Taiwan travel ban unrelated to 'One China': Duterte spokesperson
Taipei, Feb. 13 (CNA) Philippine Presidential spokesman Salvador Panelo denied Thursday that the ban on Taiwanese visitors to the country was connected to Manila's "One China" policy, quoting Philippine President Rodrigo Duterte, at a regular press conference at the Malacanang Palace.
"I asked the President last night, he said the ban has nothing to do with it," Panelo said, answering a question on whether the ban is related to the "One China" policy.
"The president said his primary concern is the health and the safety of our countrymen. As long as the danger persists, then we have to do what is necessary to secure their safety," Panelo said, according to a video of the press conference.
In a separate interview with a local radio station in the Philippines, Panelo said Duterte wants time to conduct a more comprehensive study of the travel ban on Taiwan.
"He said, give me more time to ponder over the decision on whether to lift the ban or not. But for now, it is the health of our countrymen in his mind," Panelo said.
The Philippine government is expected to review its travel ban imposed on Taiwan and decide on whether to lift it at a cabinet-level meeting scheduled for Friday, Taiwan's Ministry of Foreign Affairs (MOFA) said Thursday.
MOFA was notified by the Philippine side about the meeting, MOFA spokeswoman Joanne Ou (歐江安) said in a statement, adding that Taiwan does not discount the possibility of taking corresponding measures against the Philippines depending on the outcome of that meeting.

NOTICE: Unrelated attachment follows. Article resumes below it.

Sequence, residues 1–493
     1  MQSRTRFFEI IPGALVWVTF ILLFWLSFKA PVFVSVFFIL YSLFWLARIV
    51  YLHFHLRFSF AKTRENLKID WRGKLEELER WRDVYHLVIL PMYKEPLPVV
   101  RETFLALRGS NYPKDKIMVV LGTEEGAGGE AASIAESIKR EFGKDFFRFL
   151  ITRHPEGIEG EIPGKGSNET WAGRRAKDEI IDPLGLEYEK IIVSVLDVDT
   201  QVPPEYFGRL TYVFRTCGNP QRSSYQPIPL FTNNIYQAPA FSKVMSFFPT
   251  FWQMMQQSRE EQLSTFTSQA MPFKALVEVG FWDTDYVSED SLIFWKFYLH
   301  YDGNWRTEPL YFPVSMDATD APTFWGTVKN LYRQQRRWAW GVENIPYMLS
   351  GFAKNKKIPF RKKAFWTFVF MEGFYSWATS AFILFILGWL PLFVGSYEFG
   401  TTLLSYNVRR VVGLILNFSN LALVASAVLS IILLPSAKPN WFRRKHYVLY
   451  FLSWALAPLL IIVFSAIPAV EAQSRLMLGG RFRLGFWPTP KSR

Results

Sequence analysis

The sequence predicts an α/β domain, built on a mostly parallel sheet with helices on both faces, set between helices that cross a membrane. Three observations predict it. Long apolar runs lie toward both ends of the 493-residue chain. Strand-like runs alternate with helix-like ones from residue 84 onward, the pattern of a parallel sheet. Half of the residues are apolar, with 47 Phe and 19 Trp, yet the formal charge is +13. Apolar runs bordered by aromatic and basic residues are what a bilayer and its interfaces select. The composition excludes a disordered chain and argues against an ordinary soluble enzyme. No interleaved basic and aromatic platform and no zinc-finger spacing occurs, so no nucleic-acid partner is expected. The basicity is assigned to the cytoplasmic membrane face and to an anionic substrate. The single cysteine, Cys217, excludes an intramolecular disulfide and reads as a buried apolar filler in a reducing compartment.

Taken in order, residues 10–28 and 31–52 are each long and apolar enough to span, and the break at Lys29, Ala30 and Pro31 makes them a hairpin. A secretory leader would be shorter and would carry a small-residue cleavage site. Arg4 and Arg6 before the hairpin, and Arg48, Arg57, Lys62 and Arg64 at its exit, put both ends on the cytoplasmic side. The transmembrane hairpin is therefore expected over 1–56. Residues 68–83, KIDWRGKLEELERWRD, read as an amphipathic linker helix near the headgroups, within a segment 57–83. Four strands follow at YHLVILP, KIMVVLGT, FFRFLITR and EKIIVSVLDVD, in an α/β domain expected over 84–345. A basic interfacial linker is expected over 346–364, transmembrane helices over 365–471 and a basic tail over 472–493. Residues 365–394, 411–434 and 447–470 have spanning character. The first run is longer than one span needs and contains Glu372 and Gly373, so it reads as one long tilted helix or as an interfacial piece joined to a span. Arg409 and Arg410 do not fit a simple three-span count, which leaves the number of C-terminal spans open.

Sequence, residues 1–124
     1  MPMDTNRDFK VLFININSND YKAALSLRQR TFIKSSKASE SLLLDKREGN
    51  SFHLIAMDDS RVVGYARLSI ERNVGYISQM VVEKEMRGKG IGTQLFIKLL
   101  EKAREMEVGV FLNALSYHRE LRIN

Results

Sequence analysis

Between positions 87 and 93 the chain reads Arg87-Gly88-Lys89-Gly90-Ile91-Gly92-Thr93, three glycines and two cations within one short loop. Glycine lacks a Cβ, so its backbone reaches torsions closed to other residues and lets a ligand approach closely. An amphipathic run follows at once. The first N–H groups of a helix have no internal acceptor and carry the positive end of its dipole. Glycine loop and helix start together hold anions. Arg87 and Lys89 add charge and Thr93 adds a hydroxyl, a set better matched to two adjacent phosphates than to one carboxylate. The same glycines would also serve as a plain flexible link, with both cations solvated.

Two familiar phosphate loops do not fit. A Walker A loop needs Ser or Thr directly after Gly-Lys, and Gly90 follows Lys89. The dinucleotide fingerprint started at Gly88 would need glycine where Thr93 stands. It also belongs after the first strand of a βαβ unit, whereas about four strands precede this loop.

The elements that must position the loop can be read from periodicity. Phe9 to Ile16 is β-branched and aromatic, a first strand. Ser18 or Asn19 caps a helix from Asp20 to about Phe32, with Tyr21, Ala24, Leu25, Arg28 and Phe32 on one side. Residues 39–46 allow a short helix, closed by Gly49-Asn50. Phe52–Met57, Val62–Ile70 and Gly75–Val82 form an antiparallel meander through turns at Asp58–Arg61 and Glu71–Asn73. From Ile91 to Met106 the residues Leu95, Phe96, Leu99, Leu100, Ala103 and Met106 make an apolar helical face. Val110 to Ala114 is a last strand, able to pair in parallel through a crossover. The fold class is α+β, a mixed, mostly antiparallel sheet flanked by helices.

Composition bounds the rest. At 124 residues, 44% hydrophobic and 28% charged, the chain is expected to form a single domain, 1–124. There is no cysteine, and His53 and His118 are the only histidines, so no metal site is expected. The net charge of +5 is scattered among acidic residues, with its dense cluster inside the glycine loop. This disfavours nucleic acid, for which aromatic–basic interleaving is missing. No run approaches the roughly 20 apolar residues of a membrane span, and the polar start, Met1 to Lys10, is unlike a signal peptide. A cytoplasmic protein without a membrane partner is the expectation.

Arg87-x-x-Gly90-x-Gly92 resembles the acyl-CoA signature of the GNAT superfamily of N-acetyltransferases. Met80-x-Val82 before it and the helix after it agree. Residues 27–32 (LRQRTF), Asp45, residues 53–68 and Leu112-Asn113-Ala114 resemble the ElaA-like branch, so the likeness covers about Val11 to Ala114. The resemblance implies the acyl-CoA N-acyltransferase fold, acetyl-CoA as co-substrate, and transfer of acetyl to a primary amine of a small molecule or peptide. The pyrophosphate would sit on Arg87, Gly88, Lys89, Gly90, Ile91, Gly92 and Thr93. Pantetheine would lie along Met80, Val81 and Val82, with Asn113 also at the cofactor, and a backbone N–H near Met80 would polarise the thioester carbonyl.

The Philippine government first issued its travel ban on China Feb. 2 to prevent the spread of the novel coronavirus 2019 (COVID-19) to the Philippines. A week later, it announced the extension of the ban to cover Taiwan, citing the World Health Organization's (WHO) listing of Taiwan as part of China.
Manila's pronouncement angered Taipei, which criticized the move as politically motivated.
Meanwhile, the Manila Economic and Cultural Office (MECO) announced Friday that those unable to use their Philippine visas issued from Nov. 10, 2019 to Feb. 10, 2020 can start applying for refunds.
For sticker visas, the request for a refund should be accompanied by the relevant form, which is available at the MECO office, machine generated receipt, original passport, and photocopy of the visa issued, the MECO said.
Successful visa applicants may also be able to extend the validity of their visas for future travel to the Philippines, the de facto Philippine embassy in Taiwan said.
For visas obtained through Electronic Travel Authorization system, unused Electronic Travel Authorities (ETAs) issued from Jan. 10 onwards are eligible for a refund, MECO said, adding that applicants should submit the request form, original passport and photocopy of the ETA issued.
The office also said applications for sticker visas will still be accepted, providing the traveler is willing to assume the risk of being denied entry to the Philippines because of the travel ban.
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